Inspired by a true story, this is the tale of a young college student, Sara Morgan, who was murdered by her boyfriend, Blake Campbell. Ultimately he is found not guilty as he was high on drugs and alcohol, his plea of temporary insanity leaving more questions than not. This murder affected many others .. not only her friends and family, but also the person who found her body .... Sara's half sister, a local reporter who believes there were more deaths in Blake's wake .... a teenager Sara babysat Inspired by a true story, this is the tale of a young college student, Sara Morgan, who was murdered by her boyfriend, Blake Campbell. Ultimately he is found not guilty as he was high on drugs and alcohol, his plea of temporary insanity leaving more questions than not. This murder affected many others .. not only her friends and family, but also the person who found her body .... Sara's half sister, a local reporter who believes there were more deaths in Blake's wake .... a teenager Sara babysat at one time... and many, many more. And therein lies the problem I had with this book. The concept is a good one... it's a story of love and loss, murder, violence. But there are SO many characters speaking out, the story is lost among their voices. It was difficult to follow, and frankly, I just lost interest. Many thanks to the author / Bloomsbury Publishing / Netgalley for the digital copy of this crime fiction/psychological thriller. Read and reviewed voluntarily, opinions expressed here are unbiased and entirely my own.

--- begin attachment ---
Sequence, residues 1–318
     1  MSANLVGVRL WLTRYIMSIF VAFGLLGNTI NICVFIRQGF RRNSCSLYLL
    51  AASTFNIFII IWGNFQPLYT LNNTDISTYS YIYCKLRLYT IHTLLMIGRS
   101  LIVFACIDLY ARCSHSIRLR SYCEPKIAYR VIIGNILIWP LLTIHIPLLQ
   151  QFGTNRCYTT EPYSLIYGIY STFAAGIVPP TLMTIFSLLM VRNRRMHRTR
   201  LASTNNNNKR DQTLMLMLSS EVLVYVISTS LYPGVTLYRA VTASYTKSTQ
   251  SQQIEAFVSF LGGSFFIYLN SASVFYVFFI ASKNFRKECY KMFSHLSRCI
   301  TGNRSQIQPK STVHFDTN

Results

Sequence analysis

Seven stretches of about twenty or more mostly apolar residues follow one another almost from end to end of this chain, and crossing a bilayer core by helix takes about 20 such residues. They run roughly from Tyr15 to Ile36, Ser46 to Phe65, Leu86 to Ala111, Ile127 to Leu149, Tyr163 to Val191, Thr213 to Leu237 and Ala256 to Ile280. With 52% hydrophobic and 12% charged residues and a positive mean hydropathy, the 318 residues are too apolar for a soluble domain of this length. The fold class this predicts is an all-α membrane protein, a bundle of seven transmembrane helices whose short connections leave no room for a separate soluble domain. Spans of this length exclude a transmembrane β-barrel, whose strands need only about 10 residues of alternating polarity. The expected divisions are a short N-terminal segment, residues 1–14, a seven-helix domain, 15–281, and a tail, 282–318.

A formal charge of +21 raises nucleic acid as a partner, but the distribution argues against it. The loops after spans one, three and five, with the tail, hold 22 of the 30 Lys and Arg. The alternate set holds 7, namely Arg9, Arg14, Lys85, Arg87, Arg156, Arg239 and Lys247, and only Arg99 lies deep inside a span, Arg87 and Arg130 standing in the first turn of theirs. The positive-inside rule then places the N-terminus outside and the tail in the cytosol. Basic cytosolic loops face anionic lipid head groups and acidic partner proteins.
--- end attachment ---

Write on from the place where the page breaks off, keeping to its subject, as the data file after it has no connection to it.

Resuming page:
8. 5 out of 5

    Susan